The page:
During a brief confrontation between Indonesian troops and protesters, a number of protesters and a Major, Geerhan Lantara were stabbed. Stahl claimed Lantara had attacked a group of protesters including a girl carrying the flag of East Timor, and FRETILIN activist Constâncio Pinto reported eyewitness accounts of beatings from Indonesian soldiers and police. When the procession entered the cemetery some continued their protests before the cemetery wall. Around 200 more Indonesian soldiers arrived and advanced on the gathering, weapons drawn. Indonesian troops advanced on the gathering enclosed in the graveyard, and opened fire on hundreds of unarmed civilians.

The massacre was witnessed by the two American journalists—Amy Goodman and Allan Nairn—and caught on videotape by Max Stahl, who was filming undercover for Yorkshire Television. As Stahl filmed the massacre, Goodman and Nairn tried to “serve as a shield for the Timorese” by standing between them and the Indonesian soldiers. The soldiers began beating Goodman, and when Nairn moved to protect her, they beat him with their weapons, fracturing his skull. The camera crew managed to smuggle the video footage to Australia.

22 September 1991

The Dead Sea Scrolls are made available to the public.

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On this day in 1991, California’s Huntington Library released microfilm of the Dead Sea Scrolls, providing independent researchers with access to a cache of immensely important ancient manuscripts that had hitherto been confined to a small group of scholars.

The Dead Sea Scrolls date from about two thousand years ago. They were found in caves above the northwestern shore of the Dead Sea, a saltwater lake which is not only the world’s saltiest, but also the deepest, and at the lowest elevation, 400 metres below sea level. It is located between Israel and Jordan, where the climate is arid and conducive to the preservation of ancient manuscripts.

The first group of scrolls was discovered in 1947 by a young Bedouin shepherd in search of a lost goat. In a cave, he found jars filled with ancient scrolls and fragments of texts. During the next decade, archaeologists and Bedouins discovered ten additional caves containing ancient manuscripts. Most of the manuscripts were of leather and papyrus. They include all but one of the books of the Old Testament, some almost complete, as well as other fragments in languages including Greek, Hebrew, and Aramaic. As to the people who hid the scrolls in the caves, one likely theory is that refugees from Jerusalem deposited the scrolls during the Jewish-Roman war.

Many of the longer scrolls were deciphered, published and translated soon after their discovery. However, the more fragmentarily preserved manuscripts were in the hands of an official group of editors who had been assigned to do this work by the governments of Jordan and Israel. Unfortunately, the pace was slow, and access to the manuscripts was limited to the editorial team.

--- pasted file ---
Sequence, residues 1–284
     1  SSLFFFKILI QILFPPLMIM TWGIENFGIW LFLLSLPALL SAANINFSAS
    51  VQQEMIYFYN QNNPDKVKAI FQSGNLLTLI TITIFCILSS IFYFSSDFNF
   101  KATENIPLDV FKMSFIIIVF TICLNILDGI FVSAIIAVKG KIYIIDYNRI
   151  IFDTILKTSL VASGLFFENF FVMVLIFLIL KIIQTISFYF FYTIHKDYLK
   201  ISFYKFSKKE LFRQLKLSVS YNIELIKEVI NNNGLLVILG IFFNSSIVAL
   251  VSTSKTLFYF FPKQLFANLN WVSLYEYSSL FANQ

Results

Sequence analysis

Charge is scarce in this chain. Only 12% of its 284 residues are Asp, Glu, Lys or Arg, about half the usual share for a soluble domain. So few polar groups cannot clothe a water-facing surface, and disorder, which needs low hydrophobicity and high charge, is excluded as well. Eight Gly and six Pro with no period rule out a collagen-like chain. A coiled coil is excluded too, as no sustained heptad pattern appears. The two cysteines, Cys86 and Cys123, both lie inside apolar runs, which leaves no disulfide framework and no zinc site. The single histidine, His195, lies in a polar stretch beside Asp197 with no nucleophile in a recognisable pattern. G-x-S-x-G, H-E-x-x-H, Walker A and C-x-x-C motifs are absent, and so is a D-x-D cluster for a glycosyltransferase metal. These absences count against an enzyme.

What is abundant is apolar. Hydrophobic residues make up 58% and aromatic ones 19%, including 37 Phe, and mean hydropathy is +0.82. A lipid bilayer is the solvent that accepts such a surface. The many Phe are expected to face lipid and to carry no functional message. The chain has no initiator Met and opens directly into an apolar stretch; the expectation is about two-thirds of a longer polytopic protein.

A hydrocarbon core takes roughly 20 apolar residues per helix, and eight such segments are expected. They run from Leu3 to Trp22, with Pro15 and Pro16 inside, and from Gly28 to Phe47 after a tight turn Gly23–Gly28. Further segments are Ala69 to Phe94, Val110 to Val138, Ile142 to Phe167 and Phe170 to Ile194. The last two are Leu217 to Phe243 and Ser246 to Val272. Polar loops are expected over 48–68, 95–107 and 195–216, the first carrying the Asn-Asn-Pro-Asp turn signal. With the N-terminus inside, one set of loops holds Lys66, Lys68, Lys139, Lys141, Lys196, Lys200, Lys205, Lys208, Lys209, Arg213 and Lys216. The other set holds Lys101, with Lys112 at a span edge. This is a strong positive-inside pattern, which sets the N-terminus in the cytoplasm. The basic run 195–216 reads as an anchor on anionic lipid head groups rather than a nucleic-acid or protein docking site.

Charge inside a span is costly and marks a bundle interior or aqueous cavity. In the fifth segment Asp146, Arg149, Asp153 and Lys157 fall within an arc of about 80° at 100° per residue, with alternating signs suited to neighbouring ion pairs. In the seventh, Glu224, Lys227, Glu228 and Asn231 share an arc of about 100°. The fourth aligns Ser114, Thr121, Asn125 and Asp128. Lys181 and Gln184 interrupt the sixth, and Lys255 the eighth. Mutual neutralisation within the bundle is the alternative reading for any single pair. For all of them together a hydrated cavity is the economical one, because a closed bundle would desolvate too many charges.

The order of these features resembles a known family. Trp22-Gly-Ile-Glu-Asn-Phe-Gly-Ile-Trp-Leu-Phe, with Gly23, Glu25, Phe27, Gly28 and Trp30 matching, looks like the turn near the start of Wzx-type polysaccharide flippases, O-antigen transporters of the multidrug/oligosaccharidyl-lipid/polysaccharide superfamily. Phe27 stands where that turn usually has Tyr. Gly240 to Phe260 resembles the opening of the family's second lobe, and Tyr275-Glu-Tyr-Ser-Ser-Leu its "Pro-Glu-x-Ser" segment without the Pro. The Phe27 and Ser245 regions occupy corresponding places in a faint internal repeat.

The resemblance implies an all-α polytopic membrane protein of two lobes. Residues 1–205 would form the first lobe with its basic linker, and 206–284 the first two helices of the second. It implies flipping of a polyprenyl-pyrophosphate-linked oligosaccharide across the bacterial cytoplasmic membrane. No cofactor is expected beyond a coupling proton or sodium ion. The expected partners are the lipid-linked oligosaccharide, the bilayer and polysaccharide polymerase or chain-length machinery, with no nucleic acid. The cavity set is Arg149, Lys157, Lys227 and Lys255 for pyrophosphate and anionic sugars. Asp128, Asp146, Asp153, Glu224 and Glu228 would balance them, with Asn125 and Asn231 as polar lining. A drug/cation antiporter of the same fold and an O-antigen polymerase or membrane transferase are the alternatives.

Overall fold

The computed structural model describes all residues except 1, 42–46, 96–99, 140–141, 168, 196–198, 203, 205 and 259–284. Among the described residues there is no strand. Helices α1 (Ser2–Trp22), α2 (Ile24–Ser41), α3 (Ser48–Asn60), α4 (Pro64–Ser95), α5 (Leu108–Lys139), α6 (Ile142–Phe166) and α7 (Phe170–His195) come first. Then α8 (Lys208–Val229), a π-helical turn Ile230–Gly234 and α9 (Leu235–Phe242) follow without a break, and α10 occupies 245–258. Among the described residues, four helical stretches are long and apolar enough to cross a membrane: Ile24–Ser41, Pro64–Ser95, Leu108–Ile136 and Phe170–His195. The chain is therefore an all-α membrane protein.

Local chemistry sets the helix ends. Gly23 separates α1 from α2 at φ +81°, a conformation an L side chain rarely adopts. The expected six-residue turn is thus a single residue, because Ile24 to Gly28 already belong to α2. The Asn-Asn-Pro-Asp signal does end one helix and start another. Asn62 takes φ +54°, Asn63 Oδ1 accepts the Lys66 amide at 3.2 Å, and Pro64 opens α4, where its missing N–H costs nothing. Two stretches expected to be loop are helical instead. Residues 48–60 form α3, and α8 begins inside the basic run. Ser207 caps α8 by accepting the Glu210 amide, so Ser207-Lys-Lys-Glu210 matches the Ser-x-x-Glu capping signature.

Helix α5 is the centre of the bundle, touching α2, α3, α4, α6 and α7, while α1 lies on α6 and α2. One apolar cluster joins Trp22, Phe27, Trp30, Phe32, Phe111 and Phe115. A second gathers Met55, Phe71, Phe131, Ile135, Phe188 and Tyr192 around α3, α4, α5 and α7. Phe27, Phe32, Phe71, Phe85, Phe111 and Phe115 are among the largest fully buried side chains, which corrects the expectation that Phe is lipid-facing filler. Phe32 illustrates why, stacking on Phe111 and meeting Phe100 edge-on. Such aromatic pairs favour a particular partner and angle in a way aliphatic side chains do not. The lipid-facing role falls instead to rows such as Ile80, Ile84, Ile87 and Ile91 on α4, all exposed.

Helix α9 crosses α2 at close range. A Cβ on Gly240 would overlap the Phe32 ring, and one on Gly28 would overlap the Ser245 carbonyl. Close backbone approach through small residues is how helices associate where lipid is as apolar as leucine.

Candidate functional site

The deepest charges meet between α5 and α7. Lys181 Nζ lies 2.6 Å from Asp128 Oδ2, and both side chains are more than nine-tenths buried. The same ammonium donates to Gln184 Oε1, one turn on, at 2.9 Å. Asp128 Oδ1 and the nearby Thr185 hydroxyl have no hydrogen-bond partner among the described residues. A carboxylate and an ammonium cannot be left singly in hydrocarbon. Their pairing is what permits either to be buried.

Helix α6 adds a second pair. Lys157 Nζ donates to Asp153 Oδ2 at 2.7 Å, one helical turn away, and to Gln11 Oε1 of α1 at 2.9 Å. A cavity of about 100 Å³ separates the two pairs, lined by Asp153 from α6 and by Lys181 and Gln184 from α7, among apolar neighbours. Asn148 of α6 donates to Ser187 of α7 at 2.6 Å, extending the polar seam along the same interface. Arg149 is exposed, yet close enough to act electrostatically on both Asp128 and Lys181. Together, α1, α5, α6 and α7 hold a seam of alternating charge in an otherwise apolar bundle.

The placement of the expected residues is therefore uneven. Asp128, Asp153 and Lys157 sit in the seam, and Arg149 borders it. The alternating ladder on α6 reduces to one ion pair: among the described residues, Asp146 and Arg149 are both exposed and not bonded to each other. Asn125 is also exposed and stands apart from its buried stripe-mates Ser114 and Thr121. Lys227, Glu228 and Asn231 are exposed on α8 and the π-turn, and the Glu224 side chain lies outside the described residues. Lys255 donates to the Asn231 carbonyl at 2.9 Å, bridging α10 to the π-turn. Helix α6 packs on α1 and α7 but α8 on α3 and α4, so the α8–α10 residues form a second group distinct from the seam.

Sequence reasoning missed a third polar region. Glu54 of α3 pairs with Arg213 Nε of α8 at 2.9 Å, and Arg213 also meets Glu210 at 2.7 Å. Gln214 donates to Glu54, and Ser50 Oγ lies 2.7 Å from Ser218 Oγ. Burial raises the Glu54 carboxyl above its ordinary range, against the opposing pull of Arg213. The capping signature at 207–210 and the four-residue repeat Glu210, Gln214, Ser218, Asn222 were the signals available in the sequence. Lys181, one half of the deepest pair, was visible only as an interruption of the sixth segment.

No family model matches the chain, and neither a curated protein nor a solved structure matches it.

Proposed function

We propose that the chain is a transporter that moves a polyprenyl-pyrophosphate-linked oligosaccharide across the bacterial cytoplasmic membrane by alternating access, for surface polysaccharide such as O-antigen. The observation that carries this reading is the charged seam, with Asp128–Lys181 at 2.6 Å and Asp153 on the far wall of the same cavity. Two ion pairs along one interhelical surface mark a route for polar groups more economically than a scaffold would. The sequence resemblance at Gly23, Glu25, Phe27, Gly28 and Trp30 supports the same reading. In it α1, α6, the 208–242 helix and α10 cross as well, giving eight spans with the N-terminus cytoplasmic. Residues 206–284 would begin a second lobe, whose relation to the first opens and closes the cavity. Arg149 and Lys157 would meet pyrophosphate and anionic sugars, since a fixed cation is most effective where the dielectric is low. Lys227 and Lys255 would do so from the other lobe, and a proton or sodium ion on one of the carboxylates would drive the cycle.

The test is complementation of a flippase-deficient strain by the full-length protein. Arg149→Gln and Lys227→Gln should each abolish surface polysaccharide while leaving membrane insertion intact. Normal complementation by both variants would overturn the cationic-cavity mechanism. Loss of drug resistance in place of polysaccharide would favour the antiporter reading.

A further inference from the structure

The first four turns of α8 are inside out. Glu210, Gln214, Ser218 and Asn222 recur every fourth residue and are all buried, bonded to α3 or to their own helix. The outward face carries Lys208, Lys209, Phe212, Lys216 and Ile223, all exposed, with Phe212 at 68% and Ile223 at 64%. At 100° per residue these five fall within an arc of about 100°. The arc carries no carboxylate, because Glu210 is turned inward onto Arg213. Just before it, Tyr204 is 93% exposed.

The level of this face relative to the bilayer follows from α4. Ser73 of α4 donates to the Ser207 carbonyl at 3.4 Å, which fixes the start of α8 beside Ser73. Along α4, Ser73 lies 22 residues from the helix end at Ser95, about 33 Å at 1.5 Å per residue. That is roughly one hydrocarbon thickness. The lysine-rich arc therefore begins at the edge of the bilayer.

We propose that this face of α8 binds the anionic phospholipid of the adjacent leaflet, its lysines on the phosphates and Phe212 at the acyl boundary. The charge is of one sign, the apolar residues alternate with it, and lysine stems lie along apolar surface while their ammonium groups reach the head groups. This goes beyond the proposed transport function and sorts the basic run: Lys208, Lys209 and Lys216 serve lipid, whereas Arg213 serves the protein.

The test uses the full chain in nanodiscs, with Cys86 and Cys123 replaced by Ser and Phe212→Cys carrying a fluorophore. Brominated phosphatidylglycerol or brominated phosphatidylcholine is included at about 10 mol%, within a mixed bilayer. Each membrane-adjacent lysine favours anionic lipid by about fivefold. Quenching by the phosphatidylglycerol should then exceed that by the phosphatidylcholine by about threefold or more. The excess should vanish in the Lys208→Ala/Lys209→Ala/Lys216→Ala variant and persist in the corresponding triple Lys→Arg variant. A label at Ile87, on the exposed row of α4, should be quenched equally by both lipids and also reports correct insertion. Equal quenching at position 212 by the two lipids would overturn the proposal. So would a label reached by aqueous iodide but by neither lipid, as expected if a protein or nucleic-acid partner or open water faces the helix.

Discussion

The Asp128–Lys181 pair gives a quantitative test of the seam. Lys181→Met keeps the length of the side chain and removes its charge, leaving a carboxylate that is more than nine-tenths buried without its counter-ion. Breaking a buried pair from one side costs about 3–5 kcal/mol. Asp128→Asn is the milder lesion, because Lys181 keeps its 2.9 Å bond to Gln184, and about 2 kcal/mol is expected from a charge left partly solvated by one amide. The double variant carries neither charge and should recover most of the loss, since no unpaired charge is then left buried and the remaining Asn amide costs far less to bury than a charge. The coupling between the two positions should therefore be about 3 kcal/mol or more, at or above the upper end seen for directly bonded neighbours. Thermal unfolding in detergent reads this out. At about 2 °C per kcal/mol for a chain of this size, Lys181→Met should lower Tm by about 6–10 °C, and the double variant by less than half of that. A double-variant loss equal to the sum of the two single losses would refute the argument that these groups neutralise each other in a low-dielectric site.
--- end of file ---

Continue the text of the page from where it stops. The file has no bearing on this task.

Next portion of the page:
21 August 1991

A coup attempt against Mikhail Gorbachev fails.

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Just three days after it began, the coup against Soviet leader Mikhail Gorbachev collapses. Despite his success in avoiding removal from office, Gorbachev’s days in power were numbered. The Soviet Union would soon cease to exist as a nation and as a Cold War threat to the United States.

The coup against Gorbachev began on August 18, led by hard-line communist elements of the Soviet government and military. The attempt was poorly planned and disorganized, however. The leaders of the coup seemed to spend as much time bickering among themselves–and, according to some reports, drinking heavily–as they did on trying to win popular support for their action. Nevertheless, they did manage to put Gorbachev under house arrest and demand that he resign from leadership of the Soviet Union.

Many commentators in the West believed that the administration of President George Bush would come to the rescue, but were somewhat surprised at the restrained response of the U.S. government. These commentators did not know that at the time a serious debate was going on among Bush officials as to whether Gorbachev’s days were numbered and whether the United States should shift its support to Russian President Boris Yeltsin.

Yeltsin’s stock rose sharply as he publicly denounced the coup and organized strikes and street protests by the Russian people. The leaders of the coup, seeing that most of the Soviet military did not support their action, called off the attempt and it collapsed on August 21.

The collapse of the coup brought a temporary reprieve to the Gorbachev regime, but among U.S. officials he was starting to be seen as damaged goods. Once a darling of the U.S. press and public, Gorbachev increasingly was viewed as incompetent and a failure. U.S. officials began to discuss the post-Gorbachev situation in the Soviet Union. Based on what had transpired during the August 1991 coup, they began a slow but steady tilt toward Yeltsin. In retrospect, this policy seemed extremely prudent, given that Gorbachev resigned as leader of the Soviet Union in December 1991. Despite the turmoil around him, Yeltsin continued to serve as president of the largest and most powerful of the former soviet socialist republics, Russia.